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Should the public know about auto safety issues sooner?

Serious safety issues with vehicles tend to come to light eventually. When enough people are killed in accidents caused by defective tires or when people pass away because their defective airbags didn't deploy, the stories start to pile up. They make the news. The links become clear. Eventually, there may be a recall and a public investigation.

However, some officials do note that the public may be the last to find out.

A man who used to work as a senior enforcement official for the National Highway Traffic Safety Administration (NHTSA) said that many steps are usually taken behind the scenes. Injury and death statistics are compiled. Officials correspond with the auto manufacturer. Early tests are conducted and the investigation starts moving forward.

When this investigation shows that a recall is needed, people find out about the issue. But what if it takes months or even years to get to that point? If an investigation starts in January and a dozen people are killed in accidents by July when the recall is issued, that means those people passed away -- without the knowledge that they were in danger -- while automakers and safety officials already knew of the risks.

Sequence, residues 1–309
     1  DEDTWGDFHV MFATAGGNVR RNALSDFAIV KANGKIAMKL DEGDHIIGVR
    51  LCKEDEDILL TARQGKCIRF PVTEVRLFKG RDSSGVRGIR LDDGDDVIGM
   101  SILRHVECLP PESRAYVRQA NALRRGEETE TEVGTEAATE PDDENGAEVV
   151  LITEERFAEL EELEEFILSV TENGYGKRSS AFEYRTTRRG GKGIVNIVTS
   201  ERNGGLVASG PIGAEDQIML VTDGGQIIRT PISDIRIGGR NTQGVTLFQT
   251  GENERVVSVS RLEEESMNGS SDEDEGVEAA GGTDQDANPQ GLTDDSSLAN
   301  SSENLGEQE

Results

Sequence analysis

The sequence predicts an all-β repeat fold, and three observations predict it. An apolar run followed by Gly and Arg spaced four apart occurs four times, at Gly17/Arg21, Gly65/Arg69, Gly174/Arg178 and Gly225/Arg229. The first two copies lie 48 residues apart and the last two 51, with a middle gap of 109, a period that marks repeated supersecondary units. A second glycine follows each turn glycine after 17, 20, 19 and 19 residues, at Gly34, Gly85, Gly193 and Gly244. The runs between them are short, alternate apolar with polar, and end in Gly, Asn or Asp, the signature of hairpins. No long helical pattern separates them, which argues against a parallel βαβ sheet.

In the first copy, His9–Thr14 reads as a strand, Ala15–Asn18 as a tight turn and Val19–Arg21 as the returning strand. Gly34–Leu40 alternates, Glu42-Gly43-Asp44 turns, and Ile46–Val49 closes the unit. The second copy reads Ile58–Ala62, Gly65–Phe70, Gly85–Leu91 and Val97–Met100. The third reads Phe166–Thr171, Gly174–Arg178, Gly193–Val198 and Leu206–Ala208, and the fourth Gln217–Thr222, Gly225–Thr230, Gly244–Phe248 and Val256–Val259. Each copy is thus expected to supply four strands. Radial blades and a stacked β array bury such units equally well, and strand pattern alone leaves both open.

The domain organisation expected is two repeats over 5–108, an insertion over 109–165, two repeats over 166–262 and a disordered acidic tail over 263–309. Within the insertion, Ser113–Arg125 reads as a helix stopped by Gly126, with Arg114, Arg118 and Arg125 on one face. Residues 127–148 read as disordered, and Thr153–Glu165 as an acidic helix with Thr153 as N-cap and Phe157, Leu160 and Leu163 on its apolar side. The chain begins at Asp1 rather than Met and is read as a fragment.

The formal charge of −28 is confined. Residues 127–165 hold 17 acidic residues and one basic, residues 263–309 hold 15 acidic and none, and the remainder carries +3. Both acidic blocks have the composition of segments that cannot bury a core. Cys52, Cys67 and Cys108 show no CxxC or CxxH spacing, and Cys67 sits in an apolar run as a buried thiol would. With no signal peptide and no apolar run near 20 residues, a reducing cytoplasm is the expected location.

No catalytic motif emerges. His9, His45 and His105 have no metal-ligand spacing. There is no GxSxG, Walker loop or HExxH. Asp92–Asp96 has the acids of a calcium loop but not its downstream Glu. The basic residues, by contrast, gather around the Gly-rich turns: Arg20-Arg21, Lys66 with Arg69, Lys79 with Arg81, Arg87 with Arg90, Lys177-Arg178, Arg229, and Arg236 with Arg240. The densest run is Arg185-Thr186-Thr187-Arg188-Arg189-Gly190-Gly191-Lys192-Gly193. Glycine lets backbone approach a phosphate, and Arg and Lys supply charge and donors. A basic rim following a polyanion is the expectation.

If they'd known sooner, would they have purchased different cars? Would accidents, injuries and fatalities have been avoided? When does the public have a right to know about a safety concern, after it's been proven or when the officials suspect there's a serious issue?

These are all important questions to ask after a loved one is killed in an accident. When this happens, family members may want to know what legal options they have to seek compensation for an avoidable death.

Source: USA Today, "Auto safety concerns often stay secret," Jayne O'Donnell, accessed Sep. 05, 2017

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